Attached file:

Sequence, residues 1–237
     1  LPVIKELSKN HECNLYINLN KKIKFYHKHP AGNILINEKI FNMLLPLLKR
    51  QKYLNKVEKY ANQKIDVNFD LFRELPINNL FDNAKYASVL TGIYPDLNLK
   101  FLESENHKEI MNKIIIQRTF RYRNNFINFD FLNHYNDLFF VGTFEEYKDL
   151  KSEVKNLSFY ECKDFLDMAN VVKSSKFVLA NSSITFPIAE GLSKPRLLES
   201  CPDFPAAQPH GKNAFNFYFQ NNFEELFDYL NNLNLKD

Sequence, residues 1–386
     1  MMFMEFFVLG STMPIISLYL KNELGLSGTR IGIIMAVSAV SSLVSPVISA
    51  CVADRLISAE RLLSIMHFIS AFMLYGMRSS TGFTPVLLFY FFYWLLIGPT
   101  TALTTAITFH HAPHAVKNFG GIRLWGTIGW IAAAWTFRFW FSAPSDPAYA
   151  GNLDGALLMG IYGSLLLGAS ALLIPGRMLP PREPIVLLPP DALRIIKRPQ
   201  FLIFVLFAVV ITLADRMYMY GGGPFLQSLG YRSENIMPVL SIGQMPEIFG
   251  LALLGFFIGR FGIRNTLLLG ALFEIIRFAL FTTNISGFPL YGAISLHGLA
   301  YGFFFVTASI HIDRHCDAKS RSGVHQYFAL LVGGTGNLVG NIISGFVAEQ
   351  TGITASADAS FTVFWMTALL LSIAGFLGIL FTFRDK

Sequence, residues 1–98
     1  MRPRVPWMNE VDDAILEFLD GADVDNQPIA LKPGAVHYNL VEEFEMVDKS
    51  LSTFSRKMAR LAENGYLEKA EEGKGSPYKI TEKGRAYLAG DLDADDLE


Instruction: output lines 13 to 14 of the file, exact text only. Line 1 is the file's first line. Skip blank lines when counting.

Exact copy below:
   251  LALLGFFIGR FGIRNTLLLG ALFEIIRFAL FTTNISGFPL YGAISLHGLA
   301  YGFFFVTASI HIDRHCDAKS RSGVHQYFAL LVGGTGNLVG NIISGFVAEQ